The Trace’s yearlong investigation into the violent consequences of rising gun theft has earned a reporting award from the Deadline Club.
“The Trace’s topnotch technique paired sophisticated data analysis with dogged shoe-leather reporting to circumvent governmental opacity and link the alarming statistics to real-life stories,” wrote the contest judges. “The result: An exceptional package that covers a largely unknown, under-reported and real danger that demands our attention.”
The Deadline Club is the New York City chapter of the Society of Professional Journalists. Its annual journalism contest honors the best work by New York-based news organizations.
Joining The Trace as finalists in the category of Reporting by Independent Digital Media were fellow nonprofit news organizations The Intercept and InsideClimate News. Winners were announced on May 21.
The Trace’s Brian Freskos led the exhaustive reporting that powered the Missing Pieces project. Trace visual journalist Daniel Nass provided data analysis and visualizations, and contributor Max Siegelbaum added further reporting.
Little research exists on gun theft and its role in providing the tools for violent crimes, and the federal government has not made public its data on gun theft. To get around those obstacles, Freskos and his collaborators collected more 800,000 law enforcement records from more than one thousand state and local agencies.
After standardizing the data, they looked for matches between guns reported stolen and guns later recovered at crime scenes. Their reporting identified at least 1,500 stolen firearms used in violent crimes, including murders, sexual assaults, and armed robberies. After securing previously unpublished figures from the Federal Bureau Investigation, the investigation pinpointed a worsening problem: the number of guns reported stolen has risen every year for at least the past decade.
Crucial to the project was the collaboration of 13 local NBC stations, which produced in-depth segments on the effects of rising gun theft in their communities. To further facilitate local reporting and follow-up research, The Trace also made public the massive collection of data it gathered, leading to subsequent articles by several more local outlets.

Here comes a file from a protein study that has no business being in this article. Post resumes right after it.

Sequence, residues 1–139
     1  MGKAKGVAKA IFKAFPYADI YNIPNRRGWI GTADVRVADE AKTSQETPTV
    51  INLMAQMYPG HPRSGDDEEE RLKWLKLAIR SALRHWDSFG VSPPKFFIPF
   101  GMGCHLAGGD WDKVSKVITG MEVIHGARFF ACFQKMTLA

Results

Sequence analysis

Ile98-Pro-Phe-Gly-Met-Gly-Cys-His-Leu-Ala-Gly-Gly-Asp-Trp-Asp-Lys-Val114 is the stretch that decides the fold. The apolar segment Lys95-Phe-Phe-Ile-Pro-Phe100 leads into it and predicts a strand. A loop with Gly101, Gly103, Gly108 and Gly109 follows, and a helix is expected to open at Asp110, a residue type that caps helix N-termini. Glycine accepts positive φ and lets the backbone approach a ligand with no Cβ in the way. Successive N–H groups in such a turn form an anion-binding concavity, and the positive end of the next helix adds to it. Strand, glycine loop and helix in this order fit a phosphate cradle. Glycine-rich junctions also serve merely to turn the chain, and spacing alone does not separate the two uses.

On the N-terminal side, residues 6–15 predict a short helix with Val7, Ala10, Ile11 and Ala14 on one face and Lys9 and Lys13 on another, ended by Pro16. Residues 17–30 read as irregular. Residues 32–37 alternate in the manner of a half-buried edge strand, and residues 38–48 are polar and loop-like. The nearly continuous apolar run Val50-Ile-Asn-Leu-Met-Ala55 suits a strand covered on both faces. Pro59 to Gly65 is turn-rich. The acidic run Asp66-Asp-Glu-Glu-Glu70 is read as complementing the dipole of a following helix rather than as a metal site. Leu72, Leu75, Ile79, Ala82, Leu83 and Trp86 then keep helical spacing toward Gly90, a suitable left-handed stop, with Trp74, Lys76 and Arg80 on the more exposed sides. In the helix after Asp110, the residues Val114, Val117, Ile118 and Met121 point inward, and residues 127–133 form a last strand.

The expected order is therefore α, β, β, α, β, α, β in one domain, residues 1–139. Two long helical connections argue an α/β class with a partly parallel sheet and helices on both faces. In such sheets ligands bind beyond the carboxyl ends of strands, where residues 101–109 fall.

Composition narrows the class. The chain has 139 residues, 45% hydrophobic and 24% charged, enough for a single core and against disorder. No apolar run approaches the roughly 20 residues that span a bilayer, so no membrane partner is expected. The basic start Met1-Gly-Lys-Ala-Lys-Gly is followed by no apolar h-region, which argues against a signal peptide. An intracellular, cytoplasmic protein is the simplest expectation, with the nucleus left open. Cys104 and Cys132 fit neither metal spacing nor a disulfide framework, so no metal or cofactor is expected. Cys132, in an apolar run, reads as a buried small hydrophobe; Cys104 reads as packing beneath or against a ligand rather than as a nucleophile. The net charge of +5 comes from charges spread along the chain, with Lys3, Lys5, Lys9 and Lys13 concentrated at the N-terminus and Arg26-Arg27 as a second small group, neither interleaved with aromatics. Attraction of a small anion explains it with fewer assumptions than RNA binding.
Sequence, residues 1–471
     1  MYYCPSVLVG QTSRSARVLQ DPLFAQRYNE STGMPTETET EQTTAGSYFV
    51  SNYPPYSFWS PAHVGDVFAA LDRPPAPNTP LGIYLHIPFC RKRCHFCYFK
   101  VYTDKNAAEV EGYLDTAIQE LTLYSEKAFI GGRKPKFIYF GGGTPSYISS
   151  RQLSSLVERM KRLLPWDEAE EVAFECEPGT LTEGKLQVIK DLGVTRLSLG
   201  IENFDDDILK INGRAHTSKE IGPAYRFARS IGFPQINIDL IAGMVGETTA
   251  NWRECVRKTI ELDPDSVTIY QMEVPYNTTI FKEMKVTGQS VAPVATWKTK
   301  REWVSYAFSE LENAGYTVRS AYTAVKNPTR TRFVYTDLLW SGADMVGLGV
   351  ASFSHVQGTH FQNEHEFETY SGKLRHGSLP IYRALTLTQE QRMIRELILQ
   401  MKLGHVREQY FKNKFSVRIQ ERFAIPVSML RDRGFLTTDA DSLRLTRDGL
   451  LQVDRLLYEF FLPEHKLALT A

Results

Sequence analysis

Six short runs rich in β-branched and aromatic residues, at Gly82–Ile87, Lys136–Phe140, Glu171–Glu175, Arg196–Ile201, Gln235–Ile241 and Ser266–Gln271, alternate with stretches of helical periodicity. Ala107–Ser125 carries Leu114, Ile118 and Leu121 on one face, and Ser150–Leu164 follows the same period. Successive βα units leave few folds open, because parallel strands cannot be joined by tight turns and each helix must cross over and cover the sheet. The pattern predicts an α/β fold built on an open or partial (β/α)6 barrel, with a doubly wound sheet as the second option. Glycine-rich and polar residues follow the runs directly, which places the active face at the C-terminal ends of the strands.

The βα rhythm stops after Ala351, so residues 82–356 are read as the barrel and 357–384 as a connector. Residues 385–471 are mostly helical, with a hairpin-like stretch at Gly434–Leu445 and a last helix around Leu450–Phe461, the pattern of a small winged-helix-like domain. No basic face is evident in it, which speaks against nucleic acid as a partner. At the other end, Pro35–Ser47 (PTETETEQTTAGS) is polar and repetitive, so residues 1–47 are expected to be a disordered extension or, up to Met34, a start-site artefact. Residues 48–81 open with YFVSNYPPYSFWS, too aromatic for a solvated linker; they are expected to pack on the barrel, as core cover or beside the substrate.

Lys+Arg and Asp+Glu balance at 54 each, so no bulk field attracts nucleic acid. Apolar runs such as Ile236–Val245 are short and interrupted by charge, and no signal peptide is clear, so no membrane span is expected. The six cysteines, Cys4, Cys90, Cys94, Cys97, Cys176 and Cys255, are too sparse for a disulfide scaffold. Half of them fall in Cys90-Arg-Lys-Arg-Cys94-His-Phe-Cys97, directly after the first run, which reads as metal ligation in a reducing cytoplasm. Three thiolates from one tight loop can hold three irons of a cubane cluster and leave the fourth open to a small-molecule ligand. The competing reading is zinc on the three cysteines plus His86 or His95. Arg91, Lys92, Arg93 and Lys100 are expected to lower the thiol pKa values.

The Trace and its partners spent a year acquiring data on stolen and recovered guns. Now we are making it available for journalists, researchers, and the public to use.
Missing Pieces has prompted several major police departments to warn residents of the public safety risk posed by lax gun storage. Editorial boards in cities with high rates of gun violence, as well as online publications serving gun owners, published warnings to their readers about the dangers of unsecured weapons. In April, a top gun violence scholar, citing the investigation, issued a call for more research on the threat of stolen firearms.
The Deadline Club award comes as The Trace expands its collaborative model to new audiences and mediums.
On May 22, we released the first two episodes of Aftermath, a podcast on shooting survivors co-reported by The Trace’s Elizabeth Van Brocklin and the Cincinnati Enquirer’s Amber Hunt. In a separate partnership that debuted this month, Van Brocklin worked with Cosmopolitan and Women’s Health to explore the long-term psychological trauma of gun violence.
The Trace is always eager to hear from journalists interested in partnering with our nonprofit newsroom. Got an idea for a project? Please drop a note to Senior Editor Akoto Ofori-Atta at [email protected].